I believe in the enforcement of the law and I believe, too, that fishermen are anxious to obey it; but we are told that the letter of the law killeth and the spirit giveth life. However, when there are stool pigeons in addition to the police along our coast laying for fishermen, and being paid for it, it seems to me the enforcement is too drastic.

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LIB

John Power Howden

Liberal

Mr. HOWDEN:

I should like to supplement the remarks of the last speaker (Mr. Kinley) with regard to the duck shooting season. I do not know anything about duck shooting in Nova Scotia, but I know in Manitoba our season opens on September 20. At this time the birds are still covered with pin feathers, and many are not fully grown. If the season were moved back fifteen days I think it would do a lot towards the conservation of the ducks, as well as bringing the ducks to the bag in much better shape.

The prairie chicken is not a migratory bird but I think it is the best game bird in Canada, if not in north America. On several occasions it has been necessary to have closed seasons in Manitoba for a number of years. Perhaps this matter does not come under the vote for the committee, but I think it is worth while being mentioned. Because of the poverty of the province during the last several years, they have not been able to keep on a sufficient number of game wardens to protect the game. I can realize that a farmer might feel it his privilege to kill a few birds out of season, and probably it is; but it is an entirely different thing when hunting parties leave the city of Winnipeg during the out of season period. Hundreds of birds are destroyed before they are grown, and it seems to me that something ought to be done. I have been a hunter for many years, and I would rather never shoot another prairie chicken than see them become extinct. They are a wonderful bird, but under present conditions they are in serious danger of being killed off and completely destroyed in our part of the country.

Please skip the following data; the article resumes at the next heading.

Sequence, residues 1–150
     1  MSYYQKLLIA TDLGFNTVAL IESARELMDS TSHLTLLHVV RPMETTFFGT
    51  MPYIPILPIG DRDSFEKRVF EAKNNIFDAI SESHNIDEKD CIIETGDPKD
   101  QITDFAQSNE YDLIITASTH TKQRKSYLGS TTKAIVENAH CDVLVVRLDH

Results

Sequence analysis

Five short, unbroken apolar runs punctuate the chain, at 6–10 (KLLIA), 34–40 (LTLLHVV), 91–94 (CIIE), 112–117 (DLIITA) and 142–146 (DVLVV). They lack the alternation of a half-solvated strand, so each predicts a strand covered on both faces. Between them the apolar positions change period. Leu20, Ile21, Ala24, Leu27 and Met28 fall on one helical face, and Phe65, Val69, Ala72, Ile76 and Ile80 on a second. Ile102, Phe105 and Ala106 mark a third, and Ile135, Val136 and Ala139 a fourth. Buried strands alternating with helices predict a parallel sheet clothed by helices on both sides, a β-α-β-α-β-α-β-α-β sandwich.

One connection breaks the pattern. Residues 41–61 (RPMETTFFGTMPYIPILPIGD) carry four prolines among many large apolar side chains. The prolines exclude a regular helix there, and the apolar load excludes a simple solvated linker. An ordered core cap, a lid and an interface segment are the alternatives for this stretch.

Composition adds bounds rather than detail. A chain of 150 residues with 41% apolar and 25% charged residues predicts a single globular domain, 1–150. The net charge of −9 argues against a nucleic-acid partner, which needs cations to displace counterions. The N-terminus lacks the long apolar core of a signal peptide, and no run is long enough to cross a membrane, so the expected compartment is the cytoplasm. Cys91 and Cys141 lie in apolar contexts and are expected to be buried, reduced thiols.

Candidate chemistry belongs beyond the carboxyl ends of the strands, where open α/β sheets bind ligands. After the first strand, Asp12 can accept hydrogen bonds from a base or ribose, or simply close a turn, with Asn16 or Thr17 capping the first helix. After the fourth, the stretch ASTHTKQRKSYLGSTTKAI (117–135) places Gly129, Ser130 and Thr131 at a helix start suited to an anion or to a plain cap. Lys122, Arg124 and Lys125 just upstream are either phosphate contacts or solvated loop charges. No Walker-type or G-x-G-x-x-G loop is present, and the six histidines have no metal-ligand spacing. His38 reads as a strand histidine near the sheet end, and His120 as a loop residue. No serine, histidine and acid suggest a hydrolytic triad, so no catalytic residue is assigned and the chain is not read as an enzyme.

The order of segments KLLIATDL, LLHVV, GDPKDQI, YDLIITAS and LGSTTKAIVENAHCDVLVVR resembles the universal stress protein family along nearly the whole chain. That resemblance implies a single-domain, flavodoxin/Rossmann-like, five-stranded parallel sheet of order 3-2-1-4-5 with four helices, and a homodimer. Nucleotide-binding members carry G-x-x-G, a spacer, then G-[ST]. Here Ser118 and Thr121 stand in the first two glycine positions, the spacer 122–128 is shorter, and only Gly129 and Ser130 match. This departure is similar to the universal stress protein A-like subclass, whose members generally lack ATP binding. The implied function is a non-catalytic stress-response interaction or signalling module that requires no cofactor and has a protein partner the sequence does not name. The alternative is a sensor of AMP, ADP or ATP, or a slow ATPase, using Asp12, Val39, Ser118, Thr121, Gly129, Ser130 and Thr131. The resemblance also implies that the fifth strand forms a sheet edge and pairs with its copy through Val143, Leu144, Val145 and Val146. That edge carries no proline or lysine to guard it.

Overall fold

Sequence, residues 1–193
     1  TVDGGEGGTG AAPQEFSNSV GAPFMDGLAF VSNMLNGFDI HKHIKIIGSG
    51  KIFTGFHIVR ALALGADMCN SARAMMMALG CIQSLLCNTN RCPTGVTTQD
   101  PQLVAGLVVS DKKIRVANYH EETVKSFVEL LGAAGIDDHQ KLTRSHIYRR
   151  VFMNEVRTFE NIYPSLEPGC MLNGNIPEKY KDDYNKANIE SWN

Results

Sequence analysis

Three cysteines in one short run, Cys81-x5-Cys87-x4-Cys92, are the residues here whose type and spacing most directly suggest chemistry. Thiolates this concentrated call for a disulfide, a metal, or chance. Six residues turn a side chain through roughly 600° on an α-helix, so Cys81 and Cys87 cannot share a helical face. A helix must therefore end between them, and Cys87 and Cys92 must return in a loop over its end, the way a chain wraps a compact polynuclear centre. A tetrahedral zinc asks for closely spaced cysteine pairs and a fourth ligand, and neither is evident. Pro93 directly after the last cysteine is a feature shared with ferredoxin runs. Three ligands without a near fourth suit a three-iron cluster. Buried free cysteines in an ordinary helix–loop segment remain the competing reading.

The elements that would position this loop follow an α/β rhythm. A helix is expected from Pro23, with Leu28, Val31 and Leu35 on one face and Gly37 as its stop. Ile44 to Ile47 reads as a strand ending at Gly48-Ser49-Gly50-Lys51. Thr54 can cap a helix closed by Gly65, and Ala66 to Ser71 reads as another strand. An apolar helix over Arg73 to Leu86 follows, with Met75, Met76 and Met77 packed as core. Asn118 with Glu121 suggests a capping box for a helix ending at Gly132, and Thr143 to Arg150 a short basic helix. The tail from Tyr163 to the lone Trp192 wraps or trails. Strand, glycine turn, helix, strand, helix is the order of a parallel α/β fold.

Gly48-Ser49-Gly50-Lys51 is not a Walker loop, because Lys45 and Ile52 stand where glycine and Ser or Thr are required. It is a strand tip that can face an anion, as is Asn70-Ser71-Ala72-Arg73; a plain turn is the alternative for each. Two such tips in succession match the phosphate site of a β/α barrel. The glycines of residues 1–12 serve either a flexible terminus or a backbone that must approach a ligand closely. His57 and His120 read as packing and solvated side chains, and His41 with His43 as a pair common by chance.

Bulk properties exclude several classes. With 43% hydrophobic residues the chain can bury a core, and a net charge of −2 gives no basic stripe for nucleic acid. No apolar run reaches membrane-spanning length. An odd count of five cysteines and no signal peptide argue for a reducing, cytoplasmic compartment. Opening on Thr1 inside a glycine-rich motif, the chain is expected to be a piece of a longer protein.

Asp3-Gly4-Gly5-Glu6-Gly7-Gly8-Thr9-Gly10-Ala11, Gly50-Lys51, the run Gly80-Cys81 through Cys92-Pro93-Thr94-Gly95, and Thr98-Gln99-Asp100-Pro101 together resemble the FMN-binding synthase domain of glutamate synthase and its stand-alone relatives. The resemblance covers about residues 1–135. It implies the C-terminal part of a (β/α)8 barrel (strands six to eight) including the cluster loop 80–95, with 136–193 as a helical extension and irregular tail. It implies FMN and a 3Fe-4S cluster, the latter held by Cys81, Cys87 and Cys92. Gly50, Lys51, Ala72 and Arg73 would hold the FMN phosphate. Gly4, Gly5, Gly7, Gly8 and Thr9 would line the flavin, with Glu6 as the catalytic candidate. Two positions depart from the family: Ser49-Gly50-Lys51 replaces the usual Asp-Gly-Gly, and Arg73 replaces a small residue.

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CON

Richard Bedford Bennett (Leader of the Official Opposition)

Conservative (1867-1942)

Mr. BENNETT:

That is regulated by the provinces.

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LIB

John Power Howden

Liberal

Mr. HOWTDEN:

I understand that is the business of the province, but it does not seem that the province of Manitoba is able to keep on enough game wardens to protect the game. Perhaps the federal government will come to our assistance.

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LIB

Vincent-Joseph Pottier

Liberal

Mr. POTTIER:

Up to last year the season in western Nova Scotia extended from October

Supply-Mines-Indian Affairs

1 to January 15. Last year it was cut down to October and November. We have two kinds of birds in that part of Nova Scotia, the home bird and the migratory bird. They do not reach the shore before the month of December, so I ask the minister to consider changing the season in western Nova Scotia to November and December.

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LIB

Jean-François Pouliot

Liberal

Mr. POULIOT:

There are game wardens in Kamouraska and Rimouski county, but none in Temiscouata. Many birds are to be found at Isle Verte and on Hare island and White island and I submit a game warden should be appointed for Temiscouata.

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April 9, 1937